Introduction
The Science Museum Field Trip
Mrs. Andersen is planning a field trip to the Science Museum for her sixth grade class. She wants to spend the entire day at the museum and plans to take all twentytwo students with her.
She looks up some information on the internet and finds that a regular price ticket is $12.95 and a student ticket is $10.95. However, when Mrs. Andersen checks out the group rates, she finds that the students can go for $8.95 per ticket at the group student rate.
Because she is a teacher, Mrs. Andersen gets to go for free.
One chaperone receives free admission also. Mrs. Andersen has a total of three chaperones attending the field trip. The other two chaperones will need to pay the regular ticket price. The class has a budget to pay for the chaperones.
Mrs. Andersen assigns Kyle the job of being Field Trip Manager. She hands him her figures and asks him to make up the permission slip. Kyle is glad to do it.
When collection day comes, Kyle collects all of the money for the trip.
Kyle has an idea how much he should collect, what should his estimate be?
Given the student price, how much money does Kyle need to collect if all 22 students attend the field trip?
What is the total cost for all of the students and for the two chaperones?
While Kyle is adding up the money, you have the opportunity to figure out the answers to these two questions.
You will need to use information about multiplying decimals and whole numbers.
Pay close attention during this lesson, see if your answers match Kyle’s by the end of the lesson.
Guided Learning
I. Multiplying Decimals by Whole Numbers
In this lesson you will be learning about how to multiply decimals and whole numbers together. Let’s think about what it means to multiply.
Multiplication is a shortcut for repeated addition. We think about multiplication and we think about groups of numbers. Let’s look at an example.
Example
4
With this example, we are saying that we have four groups of three that we are counting or we have three groups of four. It doesn’t matter which way we say it, because we still end up with twelve.
When we multiply decimals and whole numbers, we need to think of it as groups too.
Example
2(.25) = _____
With this example, we are multiplying two times twentyfive hundredths. Remember that when we see a number outside of the parentheses that the operation is multiplication.
We can think of this as two groups of twentyfive hundredths. Let’s look at what a picture of this would look like.
Our answer is .50.
This is one way to multiply decimals and whole numbers; however we can’t always use a drawing. It just isn’t practical.
How can we multiply decimals and whole numbers without using a drawing?
We can multiply a decimal and a whole number just like we would two whole numbers.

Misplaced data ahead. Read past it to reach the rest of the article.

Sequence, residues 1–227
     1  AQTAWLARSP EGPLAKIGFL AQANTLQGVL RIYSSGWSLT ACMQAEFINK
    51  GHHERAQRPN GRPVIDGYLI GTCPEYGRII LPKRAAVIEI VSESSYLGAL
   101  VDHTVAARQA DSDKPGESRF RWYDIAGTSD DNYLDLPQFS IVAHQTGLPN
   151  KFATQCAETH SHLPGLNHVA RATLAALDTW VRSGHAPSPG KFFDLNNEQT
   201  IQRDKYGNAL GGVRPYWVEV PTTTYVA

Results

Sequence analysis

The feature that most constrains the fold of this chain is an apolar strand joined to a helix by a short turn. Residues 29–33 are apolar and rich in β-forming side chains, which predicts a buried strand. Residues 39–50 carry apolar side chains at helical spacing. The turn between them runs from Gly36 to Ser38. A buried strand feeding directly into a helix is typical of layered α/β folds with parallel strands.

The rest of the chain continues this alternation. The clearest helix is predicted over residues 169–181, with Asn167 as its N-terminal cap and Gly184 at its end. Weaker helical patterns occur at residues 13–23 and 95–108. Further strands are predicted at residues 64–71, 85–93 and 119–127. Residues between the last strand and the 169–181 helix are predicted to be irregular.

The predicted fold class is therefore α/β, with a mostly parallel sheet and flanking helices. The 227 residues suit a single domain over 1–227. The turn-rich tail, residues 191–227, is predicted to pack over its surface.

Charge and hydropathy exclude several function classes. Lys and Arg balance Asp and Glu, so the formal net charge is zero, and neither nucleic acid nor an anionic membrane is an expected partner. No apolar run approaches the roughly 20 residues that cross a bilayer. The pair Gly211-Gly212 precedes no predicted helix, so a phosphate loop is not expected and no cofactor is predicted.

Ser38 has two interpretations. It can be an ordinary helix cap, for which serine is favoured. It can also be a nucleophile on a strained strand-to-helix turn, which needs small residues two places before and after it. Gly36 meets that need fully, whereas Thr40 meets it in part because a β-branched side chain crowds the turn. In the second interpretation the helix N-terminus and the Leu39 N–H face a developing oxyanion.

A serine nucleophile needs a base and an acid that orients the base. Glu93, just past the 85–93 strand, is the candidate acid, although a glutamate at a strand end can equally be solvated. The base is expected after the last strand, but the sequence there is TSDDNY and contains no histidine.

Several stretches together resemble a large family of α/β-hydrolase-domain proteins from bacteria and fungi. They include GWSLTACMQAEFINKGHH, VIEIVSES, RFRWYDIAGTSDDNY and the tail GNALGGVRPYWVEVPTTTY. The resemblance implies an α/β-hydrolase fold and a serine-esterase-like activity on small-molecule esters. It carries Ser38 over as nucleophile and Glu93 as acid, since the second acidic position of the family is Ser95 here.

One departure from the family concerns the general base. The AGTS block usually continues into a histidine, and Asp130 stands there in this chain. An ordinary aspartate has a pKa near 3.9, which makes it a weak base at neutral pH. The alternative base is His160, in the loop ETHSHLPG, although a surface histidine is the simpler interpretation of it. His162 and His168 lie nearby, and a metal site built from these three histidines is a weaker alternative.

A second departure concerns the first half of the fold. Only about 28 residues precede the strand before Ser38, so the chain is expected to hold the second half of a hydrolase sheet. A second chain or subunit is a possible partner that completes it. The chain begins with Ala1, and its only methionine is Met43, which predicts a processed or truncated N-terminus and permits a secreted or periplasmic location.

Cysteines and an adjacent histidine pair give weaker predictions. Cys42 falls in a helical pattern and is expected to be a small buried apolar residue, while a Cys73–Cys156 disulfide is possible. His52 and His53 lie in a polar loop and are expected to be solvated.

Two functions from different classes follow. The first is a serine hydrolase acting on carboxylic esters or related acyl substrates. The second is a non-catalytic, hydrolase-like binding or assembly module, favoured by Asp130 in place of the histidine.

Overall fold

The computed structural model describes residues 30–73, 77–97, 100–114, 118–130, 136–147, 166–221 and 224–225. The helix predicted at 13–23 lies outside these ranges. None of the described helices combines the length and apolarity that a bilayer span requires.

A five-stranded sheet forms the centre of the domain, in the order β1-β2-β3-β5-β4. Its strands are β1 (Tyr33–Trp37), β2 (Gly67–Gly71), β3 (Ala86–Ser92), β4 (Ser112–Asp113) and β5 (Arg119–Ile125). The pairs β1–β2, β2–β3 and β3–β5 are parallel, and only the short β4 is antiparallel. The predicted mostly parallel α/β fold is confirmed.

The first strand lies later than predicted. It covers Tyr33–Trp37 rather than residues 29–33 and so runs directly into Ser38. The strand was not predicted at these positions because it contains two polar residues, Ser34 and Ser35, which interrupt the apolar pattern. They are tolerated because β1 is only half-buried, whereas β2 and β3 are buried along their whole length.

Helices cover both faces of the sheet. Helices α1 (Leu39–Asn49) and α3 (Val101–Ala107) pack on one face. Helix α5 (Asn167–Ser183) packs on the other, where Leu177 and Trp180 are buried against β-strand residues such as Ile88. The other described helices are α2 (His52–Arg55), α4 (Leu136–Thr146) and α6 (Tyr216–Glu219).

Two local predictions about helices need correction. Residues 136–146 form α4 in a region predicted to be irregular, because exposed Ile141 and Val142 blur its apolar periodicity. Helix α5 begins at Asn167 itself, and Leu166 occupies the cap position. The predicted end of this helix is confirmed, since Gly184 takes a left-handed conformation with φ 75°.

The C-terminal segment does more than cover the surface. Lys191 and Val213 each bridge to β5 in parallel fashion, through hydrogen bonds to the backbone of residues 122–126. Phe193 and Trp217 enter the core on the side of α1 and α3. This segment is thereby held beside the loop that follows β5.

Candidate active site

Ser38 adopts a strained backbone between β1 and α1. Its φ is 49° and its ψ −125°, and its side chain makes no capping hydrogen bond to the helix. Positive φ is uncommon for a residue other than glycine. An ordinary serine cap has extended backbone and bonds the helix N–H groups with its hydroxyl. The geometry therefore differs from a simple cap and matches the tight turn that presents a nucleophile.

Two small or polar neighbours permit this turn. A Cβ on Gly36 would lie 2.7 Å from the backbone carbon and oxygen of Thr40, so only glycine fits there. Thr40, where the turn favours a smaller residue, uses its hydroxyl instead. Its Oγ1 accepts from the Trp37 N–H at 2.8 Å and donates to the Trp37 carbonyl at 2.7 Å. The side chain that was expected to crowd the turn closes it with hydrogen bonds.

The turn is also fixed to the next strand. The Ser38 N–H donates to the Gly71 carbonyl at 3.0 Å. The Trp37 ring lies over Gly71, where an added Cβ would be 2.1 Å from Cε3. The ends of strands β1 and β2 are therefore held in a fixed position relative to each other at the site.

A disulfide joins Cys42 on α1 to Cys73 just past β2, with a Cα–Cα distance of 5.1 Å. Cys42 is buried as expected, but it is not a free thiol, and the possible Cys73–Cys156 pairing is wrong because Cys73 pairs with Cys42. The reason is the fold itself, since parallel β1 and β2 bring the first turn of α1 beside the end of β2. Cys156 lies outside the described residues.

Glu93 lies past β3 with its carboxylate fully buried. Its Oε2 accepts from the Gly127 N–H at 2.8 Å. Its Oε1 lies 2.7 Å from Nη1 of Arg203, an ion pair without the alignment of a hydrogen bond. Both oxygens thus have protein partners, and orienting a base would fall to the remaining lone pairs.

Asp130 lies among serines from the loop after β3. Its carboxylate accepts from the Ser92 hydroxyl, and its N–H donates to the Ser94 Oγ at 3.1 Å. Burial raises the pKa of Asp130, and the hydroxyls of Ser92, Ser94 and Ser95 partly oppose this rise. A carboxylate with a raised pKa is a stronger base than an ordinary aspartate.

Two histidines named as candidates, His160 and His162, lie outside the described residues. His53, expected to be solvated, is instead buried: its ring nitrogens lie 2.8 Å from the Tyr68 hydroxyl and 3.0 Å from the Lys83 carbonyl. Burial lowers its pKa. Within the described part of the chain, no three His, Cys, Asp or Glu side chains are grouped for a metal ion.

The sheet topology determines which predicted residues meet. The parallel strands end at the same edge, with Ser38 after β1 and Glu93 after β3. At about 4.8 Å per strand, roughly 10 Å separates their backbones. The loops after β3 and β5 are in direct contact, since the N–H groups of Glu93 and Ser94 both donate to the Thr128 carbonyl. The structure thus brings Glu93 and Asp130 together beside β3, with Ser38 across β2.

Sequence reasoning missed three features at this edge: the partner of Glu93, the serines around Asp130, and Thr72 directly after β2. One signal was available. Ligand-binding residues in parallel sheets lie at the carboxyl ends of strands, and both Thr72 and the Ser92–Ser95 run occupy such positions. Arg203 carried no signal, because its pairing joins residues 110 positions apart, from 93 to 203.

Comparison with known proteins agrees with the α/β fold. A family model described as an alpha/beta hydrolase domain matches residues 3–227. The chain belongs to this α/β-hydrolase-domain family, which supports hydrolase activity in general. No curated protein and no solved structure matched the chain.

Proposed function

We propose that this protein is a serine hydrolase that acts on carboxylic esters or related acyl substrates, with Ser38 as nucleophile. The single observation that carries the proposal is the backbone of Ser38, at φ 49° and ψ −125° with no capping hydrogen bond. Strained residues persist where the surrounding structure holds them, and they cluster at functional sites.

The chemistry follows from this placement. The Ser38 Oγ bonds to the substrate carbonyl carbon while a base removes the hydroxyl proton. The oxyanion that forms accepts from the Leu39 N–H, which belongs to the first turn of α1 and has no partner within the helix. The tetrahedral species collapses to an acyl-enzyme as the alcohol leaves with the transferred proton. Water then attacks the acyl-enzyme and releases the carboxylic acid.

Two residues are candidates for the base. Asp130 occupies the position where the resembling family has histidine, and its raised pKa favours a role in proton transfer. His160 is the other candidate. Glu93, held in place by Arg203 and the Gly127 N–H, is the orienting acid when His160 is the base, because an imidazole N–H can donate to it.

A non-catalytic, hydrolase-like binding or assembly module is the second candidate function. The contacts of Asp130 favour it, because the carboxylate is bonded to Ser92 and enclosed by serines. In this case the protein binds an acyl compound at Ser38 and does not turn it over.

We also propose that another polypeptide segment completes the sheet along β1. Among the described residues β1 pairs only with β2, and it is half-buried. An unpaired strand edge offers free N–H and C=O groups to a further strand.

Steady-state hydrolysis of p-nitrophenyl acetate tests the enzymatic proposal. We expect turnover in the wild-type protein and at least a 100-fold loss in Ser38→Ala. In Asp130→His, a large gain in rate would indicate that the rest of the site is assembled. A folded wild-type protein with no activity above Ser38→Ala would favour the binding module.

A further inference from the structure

First, we ignore the decimal point and just multiply.
Then, we put the decimal point in the product by counting the correct number of places.
Let’s look at an example.
Example
4(1.25) = _____
Let’s start by multiplying just like we would if this was two whole numbers. We take the four and multiply it by each digit in the top number.
But wait! Our work isn’t finished yet. We need to add the decimal point into the product.
There were two decimal places in our original problem. There should be two decimal places in our product.
This is our final answer.
Here are a few for you to try. Multiply them just as you would whole numbers and then put in the decimal point.
 3(4.52)
 5(2.34)
 7(3.56)
Take a few minutes to check your work with a neighbor. Did you put the decimal point in the correct place?
II. Use and Compare Methods of Estimation to Check for Reasonableness in Multiplying Decimals by Whole Numbers
We have learned how to multiply a decimal with a whole number. That is the perfect thing to do if you are looking for an exact answer.
When do we estimate a product?
Remember back to when we were first working with estimation. We can use estimation whenever we don’t need to find an exact answer. As long as our answer makes sense, we can estimate.
We can use rounding to estimate.
How can we estimate a product using rounding?
When we multiply a whole number with a decimal, we can round the decimal that we are multiplying to find a reasonable estimate.
Let’s look at an example.
Example
Estimate 5(1.7) = _____
In this example we were told that we could estimate, so we don’t need to worry about finding an exact answer.
If we use rounding, we can round the decimal to the nearest whole number.
1.7 is closest to 2.
We round 1.7 up to 2.
Now we can rewrite the problem and multiply.
Example
5(2) = 10
A reasonable estimate for 5(1.7) is 10.
Here is another example.
Example
Estimate 7(4.3) = _____
Here we can estimate by rounding the decimal.
4.3 rounds down to 4
7
A reasonable estimate for 7(4.3) = 28
Here are a few for you to try. Estimate the following products.
 4(3.2) = _____
 6(2.8) = _____
 7(5.3) = _____
Stop and check your answers with a peer. Are your estimates reasonable?
III. Identify and Apply the Commutative and Associative Properties of Multiplication in Decimal Operations using Numerical and Variable Expressions
We have already learned about using the properties of multiplication in numerical and variable expressions. Now we are going to apply these properties to our work with multiplying decimals and whole numbers.
What is a property?
A property is a rule that makes a statement about the way that numbers interact with each other during certain operations. The key thing to remember about a property is that the statement is true for any numbers.
The Commutative Property of Multiplication